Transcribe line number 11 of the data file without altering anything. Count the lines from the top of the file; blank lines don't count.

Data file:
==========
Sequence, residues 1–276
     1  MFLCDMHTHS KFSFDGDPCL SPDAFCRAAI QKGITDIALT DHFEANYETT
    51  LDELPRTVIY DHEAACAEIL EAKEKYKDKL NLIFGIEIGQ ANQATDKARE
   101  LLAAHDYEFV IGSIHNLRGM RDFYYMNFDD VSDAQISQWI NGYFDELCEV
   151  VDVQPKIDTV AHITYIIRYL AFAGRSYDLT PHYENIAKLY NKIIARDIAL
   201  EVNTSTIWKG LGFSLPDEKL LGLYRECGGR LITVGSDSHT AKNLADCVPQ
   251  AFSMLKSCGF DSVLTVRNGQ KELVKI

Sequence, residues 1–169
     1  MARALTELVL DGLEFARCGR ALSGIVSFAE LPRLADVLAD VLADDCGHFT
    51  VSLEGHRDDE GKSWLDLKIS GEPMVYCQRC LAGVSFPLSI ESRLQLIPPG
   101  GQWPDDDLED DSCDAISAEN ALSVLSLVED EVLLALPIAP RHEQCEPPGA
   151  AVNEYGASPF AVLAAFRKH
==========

   101  GQWPDDDLED DSCDAISAEN ALSVLSLVED EVLLALPIAP RHEQCEPPGA